The rate at which people follow our account had increased (green arrows)…and become steadier. I’ve never, ever seen that before in our years on Twitter. I realized we had probably been added to the new “Suggestions For You” feature (along with many, many other accounts). It looks like Twitter has finally implemented some kind of meritocracy by which they would let even users with very few followers become “suggested” followers…as they have long promised they would do.

This is great news for all accounts!

Since @TweetSmarter is rated highly by every Twitter rating system out there, I always figured if Twitter started doing a better job of recommending who to follow, one way to tell would be by seeing the rate at which people follow @TweetSmarter increase. It looks like that has happened.

All about keyboard shortcuts

Tip: Looking for an interface like #OldOldTwitter? Try Kanvaso. Also see “How to get your mentions view back after Twitter deletes it” UPDATE: Learn more about #NewNewTwitter here

The keyboard shortcuts at are now:


  • f : favorite
  • r : reply
  • t : retweet
  • m : direct message
  • n : new Tweet
  • enter : toggle details pane


  • s v Search videos
  • s p Search pictures
  • ? : this menu
  • j : next Tweet
  • k : previous Tweet
  • space : page down
  • / : search
  • . : refresh Tweets and back to top


  • g h : home
  • g r : replies / mentions
  • g p : profile
  • g f : favorites
  • g m : messages
  • g u : go to user / search for user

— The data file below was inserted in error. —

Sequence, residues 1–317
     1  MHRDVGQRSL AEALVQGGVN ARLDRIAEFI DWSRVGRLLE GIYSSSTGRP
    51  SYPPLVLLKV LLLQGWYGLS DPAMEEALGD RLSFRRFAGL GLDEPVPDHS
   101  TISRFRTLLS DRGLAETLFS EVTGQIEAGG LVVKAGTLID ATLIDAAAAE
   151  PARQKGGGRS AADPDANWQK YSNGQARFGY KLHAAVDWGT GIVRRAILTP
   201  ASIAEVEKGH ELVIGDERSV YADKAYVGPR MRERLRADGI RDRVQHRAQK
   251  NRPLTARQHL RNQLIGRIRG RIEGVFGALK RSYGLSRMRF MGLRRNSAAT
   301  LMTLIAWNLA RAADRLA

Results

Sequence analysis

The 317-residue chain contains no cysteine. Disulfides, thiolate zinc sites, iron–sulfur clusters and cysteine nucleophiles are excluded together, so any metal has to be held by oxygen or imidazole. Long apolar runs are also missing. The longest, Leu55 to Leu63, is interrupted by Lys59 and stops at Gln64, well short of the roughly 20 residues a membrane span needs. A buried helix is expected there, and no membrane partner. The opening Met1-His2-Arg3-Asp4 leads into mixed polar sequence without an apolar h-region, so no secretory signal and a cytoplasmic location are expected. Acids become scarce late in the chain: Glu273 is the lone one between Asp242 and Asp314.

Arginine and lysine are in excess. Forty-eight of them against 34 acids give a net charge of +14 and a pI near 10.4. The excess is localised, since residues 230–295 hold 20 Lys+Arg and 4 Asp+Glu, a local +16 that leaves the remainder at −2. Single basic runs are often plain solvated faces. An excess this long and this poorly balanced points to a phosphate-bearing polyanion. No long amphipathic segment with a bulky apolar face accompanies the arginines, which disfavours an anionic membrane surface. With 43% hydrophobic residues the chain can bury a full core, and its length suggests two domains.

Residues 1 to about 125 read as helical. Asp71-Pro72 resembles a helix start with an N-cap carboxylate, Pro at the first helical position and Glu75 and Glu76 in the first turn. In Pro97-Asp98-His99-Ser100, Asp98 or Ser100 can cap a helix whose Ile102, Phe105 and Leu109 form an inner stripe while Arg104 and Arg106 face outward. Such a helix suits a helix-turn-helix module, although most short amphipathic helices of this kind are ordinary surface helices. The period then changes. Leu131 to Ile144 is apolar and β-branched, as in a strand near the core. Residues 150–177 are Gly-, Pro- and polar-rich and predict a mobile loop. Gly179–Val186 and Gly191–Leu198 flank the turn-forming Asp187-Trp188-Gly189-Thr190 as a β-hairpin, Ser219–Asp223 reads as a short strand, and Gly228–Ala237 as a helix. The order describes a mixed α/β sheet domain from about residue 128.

Overall layout

Click to enlarge:

Source: @jmacofearth •

Is this why they didn’t fix a lot of old Twitter issues?

Old Twitter has dozens of outstanding issues that have been lingering, many for months. Some they have made half-hearted, half fixes on—and now we might know why!

Product manager Josh Elman said that he expects Twitter will be more like Google than Facebook — a destination for quick visits rather than extended time-wasting and engagement sessions.

The New Architecture

This is an all-new architecture for the website, featuring:

  1. Greater responsiveness/faster;
  2. A more stable architecture;
  3. The new website is based on the API (what Twitter clients run off of) and API limits will be going away.
  4. Built on the @anywhere platform.

What’s NOT included

  1. Multiple accounts still NOT supported via web.
  2. Team features & analytics NOT available via website…yet.

The Official New Website Video

Twitter is a breaking news outlet, not a social network, says VP Kevin Thau. And the reason the Annotations feature was put on hold was because the infrastructure team was working on the launch, Ryan Sarver, Twitter’s platform team, said.